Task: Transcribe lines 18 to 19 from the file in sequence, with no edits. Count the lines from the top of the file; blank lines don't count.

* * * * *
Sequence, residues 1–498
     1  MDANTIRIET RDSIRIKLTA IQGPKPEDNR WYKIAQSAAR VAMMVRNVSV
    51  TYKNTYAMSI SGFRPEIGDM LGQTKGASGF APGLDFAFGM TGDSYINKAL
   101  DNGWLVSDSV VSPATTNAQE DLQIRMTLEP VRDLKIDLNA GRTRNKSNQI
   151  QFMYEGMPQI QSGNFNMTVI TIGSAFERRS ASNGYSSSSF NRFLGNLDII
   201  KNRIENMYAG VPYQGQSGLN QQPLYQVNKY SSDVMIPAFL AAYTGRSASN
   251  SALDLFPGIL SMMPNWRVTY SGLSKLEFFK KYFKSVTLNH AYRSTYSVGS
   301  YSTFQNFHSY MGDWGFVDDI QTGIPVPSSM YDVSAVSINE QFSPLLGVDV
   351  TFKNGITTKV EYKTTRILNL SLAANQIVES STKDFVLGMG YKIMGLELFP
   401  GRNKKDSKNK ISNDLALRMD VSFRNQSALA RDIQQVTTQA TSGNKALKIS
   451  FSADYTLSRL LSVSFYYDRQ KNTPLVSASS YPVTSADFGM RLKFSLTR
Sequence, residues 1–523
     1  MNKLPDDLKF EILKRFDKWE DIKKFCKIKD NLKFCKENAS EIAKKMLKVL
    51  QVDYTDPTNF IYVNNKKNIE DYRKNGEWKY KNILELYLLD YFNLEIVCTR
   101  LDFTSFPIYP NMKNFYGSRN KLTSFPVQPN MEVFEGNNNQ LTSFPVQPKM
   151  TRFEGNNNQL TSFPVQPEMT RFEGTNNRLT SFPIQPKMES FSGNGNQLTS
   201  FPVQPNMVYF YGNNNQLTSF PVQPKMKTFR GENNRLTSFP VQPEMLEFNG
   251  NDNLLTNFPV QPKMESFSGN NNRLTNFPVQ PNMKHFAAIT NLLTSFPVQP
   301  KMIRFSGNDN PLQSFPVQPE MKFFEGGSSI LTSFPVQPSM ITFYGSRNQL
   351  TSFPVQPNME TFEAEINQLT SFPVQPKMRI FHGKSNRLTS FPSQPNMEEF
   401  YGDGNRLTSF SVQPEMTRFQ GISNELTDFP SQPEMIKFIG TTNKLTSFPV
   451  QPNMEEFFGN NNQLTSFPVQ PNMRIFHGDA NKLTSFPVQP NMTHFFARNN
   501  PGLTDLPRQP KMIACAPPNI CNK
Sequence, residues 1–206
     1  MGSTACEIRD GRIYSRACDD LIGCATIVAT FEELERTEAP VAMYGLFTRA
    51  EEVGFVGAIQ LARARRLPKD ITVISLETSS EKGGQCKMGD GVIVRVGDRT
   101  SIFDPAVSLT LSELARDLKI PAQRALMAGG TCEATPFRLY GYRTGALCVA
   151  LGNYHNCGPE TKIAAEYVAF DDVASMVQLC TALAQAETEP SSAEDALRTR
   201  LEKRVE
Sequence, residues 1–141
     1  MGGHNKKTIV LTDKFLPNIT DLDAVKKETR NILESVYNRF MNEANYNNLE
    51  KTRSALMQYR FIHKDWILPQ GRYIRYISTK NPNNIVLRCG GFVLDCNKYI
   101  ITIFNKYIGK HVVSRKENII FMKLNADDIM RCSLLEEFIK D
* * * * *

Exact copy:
   251  NDNLLTNFPV QPKMESFSGN NNRLTNFPVQ PNMKHFAAIT NLLTSFPVQP
   301  KMIRFSGNDN PLQSFPVQPE MKFFEGGSSI LTSFPVQPSM ITFYGSRNQL